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    Fixing The Issue of Self Refferals in Google Analytics

    Sometimes, one's domain may appear in the Google Analytics report as part of the traffic. It is a problem that developers need to fix as it can cause problems with reporting and give unreliable data. If one does not eradicate the self-referral issue, it may lead to skewed data which may result in wrongful decision making for marketing campaigns. In addition to this, it becomes impossible to credit the marketing channel which helped increase conversion rates for the site.

    Fixing The Issue of Self Refferals in Google Analytics

    In most cases, the problem arises due to the failure of Google Analytics to configure correctly, or the owner's wrongful implementation of the extension.

    Jack Miller, the Senior Customer Success Manager of Semalt, outlines here the causative factors and how to correct them. Also, he offers a universal analytics' fix at the end to reduce the number of self-referrals to the site.


    Referral traffic
    Referral traffic is the portion of traffic which reaches a site from another source. It may be in the form of a link from another domain. The links should not have any campaign characteristics otherwise it will term as referral spam. Unlike spam, analytics automatically detects where the spam comes from and displays the names of the domains that generate it.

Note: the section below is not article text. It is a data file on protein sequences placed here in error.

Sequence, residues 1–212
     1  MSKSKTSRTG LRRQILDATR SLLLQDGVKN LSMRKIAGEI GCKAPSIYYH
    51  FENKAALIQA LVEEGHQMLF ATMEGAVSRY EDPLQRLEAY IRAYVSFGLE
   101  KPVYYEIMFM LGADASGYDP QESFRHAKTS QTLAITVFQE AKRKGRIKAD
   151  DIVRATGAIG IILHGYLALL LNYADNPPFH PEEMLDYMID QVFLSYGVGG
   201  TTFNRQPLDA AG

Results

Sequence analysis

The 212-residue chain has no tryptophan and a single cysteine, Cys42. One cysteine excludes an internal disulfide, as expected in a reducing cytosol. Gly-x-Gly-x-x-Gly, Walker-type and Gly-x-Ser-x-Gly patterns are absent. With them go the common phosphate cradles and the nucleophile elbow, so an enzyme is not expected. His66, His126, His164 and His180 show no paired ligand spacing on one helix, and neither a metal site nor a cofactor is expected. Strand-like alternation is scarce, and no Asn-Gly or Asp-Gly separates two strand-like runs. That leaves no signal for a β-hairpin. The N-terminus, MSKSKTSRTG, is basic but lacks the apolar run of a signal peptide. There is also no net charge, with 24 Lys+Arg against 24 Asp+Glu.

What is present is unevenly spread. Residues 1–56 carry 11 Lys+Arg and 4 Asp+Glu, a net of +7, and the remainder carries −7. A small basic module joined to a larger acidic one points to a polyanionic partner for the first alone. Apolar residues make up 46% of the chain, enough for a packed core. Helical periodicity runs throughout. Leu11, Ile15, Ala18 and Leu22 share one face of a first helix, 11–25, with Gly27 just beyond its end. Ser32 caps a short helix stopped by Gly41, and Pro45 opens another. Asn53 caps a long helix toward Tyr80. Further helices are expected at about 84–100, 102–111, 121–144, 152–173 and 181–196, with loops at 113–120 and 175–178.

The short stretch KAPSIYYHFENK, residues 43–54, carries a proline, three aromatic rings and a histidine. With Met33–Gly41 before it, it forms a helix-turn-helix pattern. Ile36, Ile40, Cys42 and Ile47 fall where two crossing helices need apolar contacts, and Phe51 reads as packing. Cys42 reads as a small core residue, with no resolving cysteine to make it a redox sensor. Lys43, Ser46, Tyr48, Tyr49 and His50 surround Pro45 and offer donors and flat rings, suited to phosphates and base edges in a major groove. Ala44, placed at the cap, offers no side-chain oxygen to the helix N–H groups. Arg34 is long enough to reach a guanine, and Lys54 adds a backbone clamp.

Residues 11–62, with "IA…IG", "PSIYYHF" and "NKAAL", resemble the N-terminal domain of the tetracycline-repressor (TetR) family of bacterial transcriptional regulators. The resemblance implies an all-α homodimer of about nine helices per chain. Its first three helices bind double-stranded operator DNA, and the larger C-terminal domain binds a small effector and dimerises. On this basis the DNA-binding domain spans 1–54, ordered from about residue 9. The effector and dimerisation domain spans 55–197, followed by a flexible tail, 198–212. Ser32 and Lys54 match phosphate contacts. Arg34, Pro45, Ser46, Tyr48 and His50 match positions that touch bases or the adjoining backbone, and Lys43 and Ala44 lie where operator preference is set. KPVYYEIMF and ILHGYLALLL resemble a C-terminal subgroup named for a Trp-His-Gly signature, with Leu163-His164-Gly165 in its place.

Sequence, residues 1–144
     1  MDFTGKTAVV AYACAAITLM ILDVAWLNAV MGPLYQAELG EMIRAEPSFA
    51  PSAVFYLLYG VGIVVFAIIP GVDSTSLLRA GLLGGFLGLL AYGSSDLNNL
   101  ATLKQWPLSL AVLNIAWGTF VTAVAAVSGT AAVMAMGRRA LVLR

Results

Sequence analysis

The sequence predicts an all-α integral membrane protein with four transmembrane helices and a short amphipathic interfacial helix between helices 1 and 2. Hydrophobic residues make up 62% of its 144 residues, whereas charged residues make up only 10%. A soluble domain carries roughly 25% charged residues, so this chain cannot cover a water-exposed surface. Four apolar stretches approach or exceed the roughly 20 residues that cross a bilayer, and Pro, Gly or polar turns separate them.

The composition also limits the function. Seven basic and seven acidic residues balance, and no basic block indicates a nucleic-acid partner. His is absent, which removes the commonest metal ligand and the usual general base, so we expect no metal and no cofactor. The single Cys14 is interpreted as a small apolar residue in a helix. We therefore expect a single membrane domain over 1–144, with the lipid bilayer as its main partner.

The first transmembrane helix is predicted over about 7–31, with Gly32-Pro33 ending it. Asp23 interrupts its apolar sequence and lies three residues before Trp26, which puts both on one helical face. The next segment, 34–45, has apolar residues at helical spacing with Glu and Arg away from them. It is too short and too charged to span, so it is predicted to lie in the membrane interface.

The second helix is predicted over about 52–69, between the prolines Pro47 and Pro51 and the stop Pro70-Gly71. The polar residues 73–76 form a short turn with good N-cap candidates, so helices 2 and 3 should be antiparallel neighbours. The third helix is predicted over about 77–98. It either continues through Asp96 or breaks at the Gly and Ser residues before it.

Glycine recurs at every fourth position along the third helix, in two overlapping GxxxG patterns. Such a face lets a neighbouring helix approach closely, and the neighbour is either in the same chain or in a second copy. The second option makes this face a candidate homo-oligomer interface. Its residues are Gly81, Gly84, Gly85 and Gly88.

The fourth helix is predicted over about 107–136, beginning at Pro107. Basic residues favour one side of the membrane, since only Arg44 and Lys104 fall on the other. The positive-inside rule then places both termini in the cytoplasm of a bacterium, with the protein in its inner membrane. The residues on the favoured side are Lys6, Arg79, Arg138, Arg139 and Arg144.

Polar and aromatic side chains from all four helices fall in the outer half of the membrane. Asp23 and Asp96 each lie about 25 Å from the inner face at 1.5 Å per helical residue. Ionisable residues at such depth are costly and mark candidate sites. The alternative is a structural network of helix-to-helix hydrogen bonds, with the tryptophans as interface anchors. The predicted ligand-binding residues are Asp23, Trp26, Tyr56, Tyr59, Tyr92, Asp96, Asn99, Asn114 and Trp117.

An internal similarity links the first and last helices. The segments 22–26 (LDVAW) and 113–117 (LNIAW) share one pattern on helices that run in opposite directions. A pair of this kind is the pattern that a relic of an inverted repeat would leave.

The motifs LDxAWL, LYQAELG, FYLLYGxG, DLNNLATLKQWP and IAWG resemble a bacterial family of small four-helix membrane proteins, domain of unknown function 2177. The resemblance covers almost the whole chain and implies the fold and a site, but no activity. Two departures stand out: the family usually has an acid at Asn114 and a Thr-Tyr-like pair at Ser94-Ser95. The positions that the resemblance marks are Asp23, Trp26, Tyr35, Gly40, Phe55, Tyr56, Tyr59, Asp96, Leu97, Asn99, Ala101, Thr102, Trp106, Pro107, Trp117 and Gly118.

1. JavaScript Redirects

    Migrations from websites are harder than what most people think. To make sure one covers everything, taking a structured approach would be the most rational thing to do. JavaScript redirects are common and often result in self-referrals.

    How to fix: instead of using JavaScript, server-side redirects would work better. They make sure that the universal tracking code loads on the new domain and should verify that the problem does not persist.

    2. Pages Missing a Tracking Code

    When people forget to tag their pages, it becomes hard to track them. The result is people find their domains on the reports page.

    Fix: always make sure to include a tracking code on all the pages on a site. If one is unsure of the site's status., the Tag Inspector will come in handy.

    3. Pages Dropping Cookie Data

    Pages Dropping Cookie Data
    Universal Analytics Cookie should apply when jumping between pages. If one page drops the cookie for some reason, the session automatically ends. Consequently, a new cookie begins creating a new session. One should make sure that they examine all the landing pages learn where the self-referral begins using the secondary dimension tool.

    Fix: Go through the pages to know where the issue starts and why it does. Once the developer knows the cause of the problem, it gets easier to target it. If the fix comes easy, then go ahead and fix it. If it is hard, one should involve a developer who needs to be well aware of the importance of solving the problem and let them fix it on behalf.

    4. Cross-Domains

    Some companies may own several domains, and they sometimes get the need to connect visitor activity to several of them. If done effectively, they should make sure that the original cookie remains constant. Technically connecting these domains is the way to go.

    Fix: Ensure that all cookies remain constant across domains.

    5. Session Timeout Myth

    When a session expires after a given moment, a new session starts. It is believed to create new data traffic.

    Fix: One can set the time limit for a session to higher and see the impact it has on self-referrals.

    The referral exclusion list is one setting that helps tackle the issue of self-referral directly.

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